Martial Arts Instructor News and Articles

John Graden

John Graden

Executive Director

John Graden led the martial arts into the modern era by creating the first professional association, trade journal & instructors certification program.

When I opened my first school, I grossed $5,800 in the first month. I thought I was a martial arts millionaire! Within six months, the gross was so low it was actually less than the bottom line of my wire-bound ledger. I remember drawing an explosion where the graph went off the bottom of the page.

I called a friend of mine who was running a successful school. When I told him I was in trouble, his first question was, “How many calls did you get last month?” I replied, “Probably 10 or 20.” He said, “Probably? Probably doesn’t run a business. Probably kills a business.” I’ll spare you the rest of the verbal spanking, but the lesson was that “What gets measured, gets done.”

If your school was a public company and you were going to sell stock, how would people know if it was a good investment? When I buy stock, I look at debt ratios, positions in the marketplace, earnings and their relationship to the current stock price. Another very big indicator is earnings growth. In other words, is the company growing? Are sales and profits increasing each year? Usually, a 20 percent earnings growth is one sign of a good business to invest in. In fact, once I learned the value of keeping statistics, I made 20% my minimum annual growth goal.

Granted you’re not selling stock in your school. You’ve already bought it all. How’s your investment doing? How was business last month? How did it compare to last year or three years ago? How many phone calls/emails does it take to get a student? How much money does it take to generate that many contacts?

Most schools can’t answer these questions because they are flying blind and not keeping statistics on their school’s performance.

Statistics are the heart monitor of the school. When the heart is beating slower, statistics scream it out at you. When things are cooking along, it is immediately reflected in your statistics.

Unfortunately, the vast majority of schools wouldn’t know the school is dying until it’s too late. Even after they realize the school is ill, they have no way of diagnosing the root cause of the problem and curing it. Consequently, the slowly beating heart has gone to a straight line and another for rent sign goes up in the window of another dead karate school.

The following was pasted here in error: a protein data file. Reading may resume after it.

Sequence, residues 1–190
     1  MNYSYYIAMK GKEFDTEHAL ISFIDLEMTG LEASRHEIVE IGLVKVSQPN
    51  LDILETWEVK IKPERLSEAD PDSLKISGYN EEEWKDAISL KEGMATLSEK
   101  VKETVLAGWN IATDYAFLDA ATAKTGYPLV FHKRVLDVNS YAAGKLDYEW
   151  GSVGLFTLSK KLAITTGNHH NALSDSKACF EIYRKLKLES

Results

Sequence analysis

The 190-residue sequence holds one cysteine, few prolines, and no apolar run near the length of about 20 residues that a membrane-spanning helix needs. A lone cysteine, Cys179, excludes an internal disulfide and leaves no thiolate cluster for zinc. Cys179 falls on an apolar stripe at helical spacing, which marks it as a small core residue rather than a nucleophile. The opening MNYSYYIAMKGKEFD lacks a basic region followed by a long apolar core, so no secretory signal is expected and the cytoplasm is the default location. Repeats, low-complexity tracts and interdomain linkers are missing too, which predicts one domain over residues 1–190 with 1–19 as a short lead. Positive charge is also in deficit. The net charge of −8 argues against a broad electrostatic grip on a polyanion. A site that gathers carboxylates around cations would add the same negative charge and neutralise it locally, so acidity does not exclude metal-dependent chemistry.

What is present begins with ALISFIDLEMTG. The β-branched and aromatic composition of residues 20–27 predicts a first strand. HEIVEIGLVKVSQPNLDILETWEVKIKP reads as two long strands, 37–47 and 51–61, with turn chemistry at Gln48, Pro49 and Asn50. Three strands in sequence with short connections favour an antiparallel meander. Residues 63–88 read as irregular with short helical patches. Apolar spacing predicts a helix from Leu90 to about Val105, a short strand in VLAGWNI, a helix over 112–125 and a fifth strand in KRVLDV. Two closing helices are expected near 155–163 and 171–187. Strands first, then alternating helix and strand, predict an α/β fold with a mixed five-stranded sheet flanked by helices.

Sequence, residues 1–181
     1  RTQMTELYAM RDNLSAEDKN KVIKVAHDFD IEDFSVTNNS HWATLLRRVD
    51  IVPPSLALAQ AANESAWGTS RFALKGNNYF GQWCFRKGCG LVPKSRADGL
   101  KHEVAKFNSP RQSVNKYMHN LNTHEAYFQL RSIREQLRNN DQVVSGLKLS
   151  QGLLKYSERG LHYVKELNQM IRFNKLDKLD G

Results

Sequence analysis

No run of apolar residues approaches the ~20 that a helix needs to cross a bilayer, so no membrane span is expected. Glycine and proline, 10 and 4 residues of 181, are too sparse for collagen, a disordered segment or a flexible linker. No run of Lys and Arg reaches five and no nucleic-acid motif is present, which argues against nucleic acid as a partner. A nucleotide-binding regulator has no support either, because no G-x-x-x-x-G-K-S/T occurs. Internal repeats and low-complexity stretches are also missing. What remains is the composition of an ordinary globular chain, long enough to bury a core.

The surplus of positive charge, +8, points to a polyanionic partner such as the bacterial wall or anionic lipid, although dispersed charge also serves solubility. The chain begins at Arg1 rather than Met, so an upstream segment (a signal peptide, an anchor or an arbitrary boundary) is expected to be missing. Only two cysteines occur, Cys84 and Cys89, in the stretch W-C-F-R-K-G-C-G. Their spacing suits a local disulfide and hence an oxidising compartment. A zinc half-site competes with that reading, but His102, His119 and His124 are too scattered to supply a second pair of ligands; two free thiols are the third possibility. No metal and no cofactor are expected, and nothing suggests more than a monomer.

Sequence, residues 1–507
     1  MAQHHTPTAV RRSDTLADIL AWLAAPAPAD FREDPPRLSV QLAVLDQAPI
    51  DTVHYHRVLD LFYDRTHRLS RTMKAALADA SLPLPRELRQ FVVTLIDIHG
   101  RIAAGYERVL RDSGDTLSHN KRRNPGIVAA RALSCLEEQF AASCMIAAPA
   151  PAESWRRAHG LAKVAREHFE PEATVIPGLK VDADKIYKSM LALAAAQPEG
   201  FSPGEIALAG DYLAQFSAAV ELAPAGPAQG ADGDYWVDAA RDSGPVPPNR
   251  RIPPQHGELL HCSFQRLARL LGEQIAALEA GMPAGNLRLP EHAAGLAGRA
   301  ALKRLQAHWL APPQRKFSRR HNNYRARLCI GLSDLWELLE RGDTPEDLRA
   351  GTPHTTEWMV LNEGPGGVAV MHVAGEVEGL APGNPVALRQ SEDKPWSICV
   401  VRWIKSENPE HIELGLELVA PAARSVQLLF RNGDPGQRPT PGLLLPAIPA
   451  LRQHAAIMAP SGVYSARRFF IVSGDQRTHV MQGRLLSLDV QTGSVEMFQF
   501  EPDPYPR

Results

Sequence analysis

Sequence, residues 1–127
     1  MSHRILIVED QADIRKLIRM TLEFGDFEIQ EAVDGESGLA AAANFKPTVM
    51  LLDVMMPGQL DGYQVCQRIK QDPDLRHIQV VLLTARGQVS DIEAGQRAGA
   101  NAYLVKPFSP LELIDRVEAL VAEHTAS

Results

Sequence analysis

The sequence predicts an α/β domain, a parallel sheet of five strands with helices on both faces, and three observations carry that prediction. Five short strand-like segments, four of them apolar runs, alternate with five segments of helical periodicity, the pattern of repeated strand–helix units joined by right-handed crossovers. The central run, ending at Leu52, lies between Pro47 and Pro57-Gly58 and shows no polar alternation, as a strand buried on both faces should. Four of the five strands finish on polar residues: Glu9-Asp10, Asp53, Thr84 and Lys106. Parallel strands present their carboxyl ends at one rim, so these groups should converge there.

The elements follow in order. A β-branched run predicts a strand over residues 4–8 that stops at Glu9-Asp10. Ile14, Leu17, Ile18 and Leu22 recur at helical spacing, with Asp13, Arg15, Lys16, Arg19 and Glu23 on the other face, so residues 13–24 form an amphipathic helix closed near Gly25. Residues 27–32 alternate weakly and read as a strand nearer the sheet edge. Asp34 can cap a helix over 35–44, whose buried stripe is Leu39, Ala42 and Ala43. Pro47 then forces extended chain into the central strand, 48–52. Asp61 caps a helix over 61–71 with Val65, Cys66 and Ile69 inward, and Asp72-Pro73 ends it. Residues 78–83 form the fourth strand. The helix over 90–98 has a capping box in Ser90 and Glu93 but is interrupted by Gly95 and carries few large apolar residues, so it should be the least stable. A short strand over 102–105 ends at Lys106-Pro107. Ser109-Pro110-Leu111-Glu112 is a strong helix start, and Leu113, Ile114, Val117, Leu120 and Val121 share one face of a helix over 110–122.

MATA Statistics and Financial Control Section

Notice Tyson’s hand is by his face, not his hip.

His chin is down instead of up.

His shoulder is up instead of pulled back.

His body is sideways to his opponent instead of squared off.

His legs are under his body not spread apart like he was riding a horse.

With this kind of form, he would fail his orange belt exam in most schools. 

How does that make any sense?

Sensei Tyson?

If Mike Tyson or a world champion kickboxer came to your school to teach your black belts. What do you think he would work on? Double punches, square blocks, and keeping your chin up?

I’m pretty sure he would emphasize head movement, how to snap your punches and a defense that does NOT include pulling your punch back to your hip.

I’m sure the students would learn advanced applications to adjust for different fighters. Notice I said advanced applications, not advanced strikes.

When you focus on application, you can apply that to almost any technique.

For instance, if the drill is about how to fight a taller fighter, the answer is more about footwork to stay on the outside until you can secure quick access. My brothers are 6′ 3″ and 6′ 4″ so I know something about fighting a taller opponent.

Drills that teach that application do not require complexity. They require simplicity.

The more complex a skill becomes, the less chance it can be used. Have you ever seen a double punch? Only in kata and here:

If you eliminated all kata and traditional skills, you could devote that time to drills and conditioning that would give your students a true advantage in sparring or self-defense.

Imagine teaching fewer skills that are easy to teach and learn than traditional skills and kata.

You could spend more time on the application of those skills rather than stepping up and down the classroom and holding blocks and punches out in the air, which leaves you wide open for a counterattack.

Rather than spending student’s time with the complexity and frustration of spending years perfecting the bad habits of pulling their hand back to their hip, keeping their chin up, aiming and holding a punch in the air, and blocking with power while stepping forward, your retention will improve. Your student quality will improve. Your curriculum consistency will improve.

This is the core of our white to black belt curriculum Empower Kickboxing.

It’s an old saying, but true. “Less is best.”

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